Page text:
The annually renewable agricultural residues represent an abundant, inexpensive and readily available source of renewable lignocellulosic biomass. Each year, farming and agricultural processing generate millions of tonnes of residues, such as corn cobs and husks, groundnut shells, rice straw, banana stems, soy hulls and sugar beet pulp (Ruan et al. 1996). These materials can be obtained at a low cost from a variety of sources, but the content and quality of the three major structural polymeric components (lignin, cellulose and hemicellulose) depend on the type of material (Taherzadeh and Niklasson 2004). Their utilizations are attracting increased interests around the world, particularly for the production of novel materials for environmentally friendly industrial applications after chemical modification (Pandey et al. 2000; Richardson and Gorton 2003).
Cellulose, one of the major component of lignocellulosic biomass, is a polydisperse polymer of high molecular weight and comprised long chains of d-glucose units joined together by β-1, 4-glucosidic bonds. (Krassig 1985). Significant advances in cellulosic modifications (mechanically, chemically and even enzymatically) and the resultant production of derivatives with unique chemical, physical and physiological properties, have dramatically increased interest in cellulose research over the past decade. This renewed focus on cellulose and its derivatives has resulted in the production of cellulose and its derivatives with varied physicochemical and functional properties (Azubuike et al. 2012; Ohwoavworhua and Adelakun 2005).
Among other uses, cellulose is widely employed as a raw material to prepare a number of excipients. Microcrystalline cellulose is described as ‘purified, partially depolymerized cellulose’ prepared by treating alpha cellulose obtained as a pulp from fibrous plant material with mineral acids (Brittain et al. 1993). Commercially available microcrystalline cellulose is derived from highly costly hard wood and also purified cotton. Several methods covered by patents have been described in the literature for the manufacture of cellulose powder. The need for cheaper sources of microcrystalline cellulose has led to the investigation of other lignocellulosic materials based on agricultural residues (Paralikar and Bhatawdekar 1988; Uesu et al. 2000; El-Sakhawy and Hassan 2007; Ejikeme 2008, Ohwoavworhua et al.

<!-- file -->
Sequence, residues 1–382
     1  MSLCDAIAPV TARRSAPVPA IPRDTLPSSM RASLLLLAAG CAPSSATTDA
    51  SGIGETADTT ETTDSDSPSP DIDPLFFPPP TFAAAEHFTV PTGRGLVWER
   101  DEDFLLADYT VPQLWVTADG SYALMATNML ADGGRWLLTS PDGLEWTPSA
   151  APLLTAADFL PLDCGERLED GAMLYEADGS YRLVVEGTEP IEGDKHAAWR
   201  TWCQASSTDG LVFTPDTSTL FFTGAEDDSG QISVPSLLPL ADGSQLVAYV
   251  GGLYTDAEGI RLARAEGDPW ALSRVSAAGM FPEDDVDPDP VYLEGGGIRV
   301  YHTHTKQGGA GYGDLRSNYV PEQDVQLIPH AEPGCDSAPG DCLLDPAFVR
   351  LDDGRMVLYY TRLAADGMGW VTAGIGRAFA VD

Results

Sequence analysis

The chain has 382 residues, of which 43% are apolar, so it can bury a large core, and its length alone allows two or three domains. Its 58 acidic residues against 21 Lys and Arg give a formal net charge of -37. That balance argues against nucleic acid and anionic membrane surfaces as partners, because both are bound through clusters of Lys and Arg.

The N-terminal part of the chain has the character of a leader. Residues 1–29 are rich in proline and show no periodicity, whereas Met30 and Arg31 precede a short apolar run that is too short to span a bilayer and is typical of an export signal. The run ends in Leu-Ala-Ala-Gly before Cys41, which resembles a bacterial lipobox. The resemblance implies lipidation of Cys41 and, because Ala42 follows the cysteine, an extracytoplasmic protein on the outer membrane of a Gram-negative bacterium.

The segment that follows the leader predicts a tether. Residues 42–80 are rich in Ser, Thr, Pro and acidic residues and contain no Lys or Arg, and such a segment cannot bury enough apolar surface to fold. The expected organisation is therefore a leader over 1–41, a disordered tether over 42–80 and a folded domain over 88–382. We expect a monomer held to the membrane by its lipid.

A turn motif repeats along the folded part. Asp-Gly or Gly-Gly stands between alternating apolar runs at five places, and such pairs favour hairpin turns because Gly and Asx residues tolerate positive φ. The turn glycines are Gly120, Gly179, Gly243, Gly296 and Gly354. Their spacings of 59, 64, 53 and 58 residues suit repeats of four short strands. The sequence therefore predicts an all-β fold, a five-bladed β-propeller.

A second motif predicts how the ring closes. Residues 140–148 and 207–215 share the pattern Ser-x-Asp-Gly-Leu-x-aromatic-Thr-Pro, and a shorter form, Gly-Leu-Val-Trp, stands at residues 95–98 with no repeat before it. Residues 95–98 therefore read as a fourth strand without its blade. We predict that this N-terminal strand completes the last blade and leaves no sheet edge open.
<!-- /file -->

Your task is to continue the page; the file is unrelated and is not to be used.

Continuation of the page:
2009; Suesat and Suwanruji 2011). The chemical composition and physical structure of microcrystalline cellulose depend significantly on the characteristics of the raw material employed and the manufacturing conditions (Landín et al. 1993). As a result, several types of microcrystalline cellulose are available in the market with different physicochemical and thermal properties, and therefore, they will have different functional parameters and applications. These differences can affect their functional properties when employed in pharmaceutical formulations.
Apart from promoting the manufacturability of drug product, excipients are expected to guarantee the stability and bioavailability of the drug substance from the drug product. As a consequence, their characterisation must go beyond the simple tests for identity, purity and strength as prescribed in general by the Pharmacopoeia monographs. Full physical characterisation of solid materials is now made possible with the help of high-resolution analytical techniques (infrared spectroscopy, powder X-ray diffraction, thermogravimetric analysis (TGA) and differential scanning calorimetry (DSC)) on the molecular, particulate and bulk levels (Pifferi et al. 1999). This systematic approach is necessary to guarantee the behaviour of the excipient during the formulation and production phases. For example, infrared spectroscopy can determine the molecular structure and possible chemical interactions. TGA and DSC analyses are often adopted to clarify the stability, compatibility and transitions of phase of the excipients. The structure of the single crystal or the powder can be examined with absolute certainty by X-ray diffraction. It provides information on the degree of crystallinity of the powder and also polymorphic forms. The degree of crystallinity in the cellulose is important because it influences the various properties including the compactibility and absorption of water, which in turn influence the flowability and the stability of the medicinal product (Pifferi et al. 1999).
As part of the on-going efforts to develop low-cost local raw materials from lignocellulosic materials (agricultural residues) with desired physicochemical properties for the industrial applications, we have in this study reported some physical properties of microcrystalline cellulose prepared from corn cob (an agricultural residue) and also evaluate their structural and thermal properties with view of ascertaining its potential as a pharmaceutical excipient. An attempt was also made to find out if the period of the hydrolysis has effect on these properties. These properties were also compared to a commercial brand Avicel® PH 101 (Fluka, New South Wales, Australia) that was obtained from highly costly hard wood.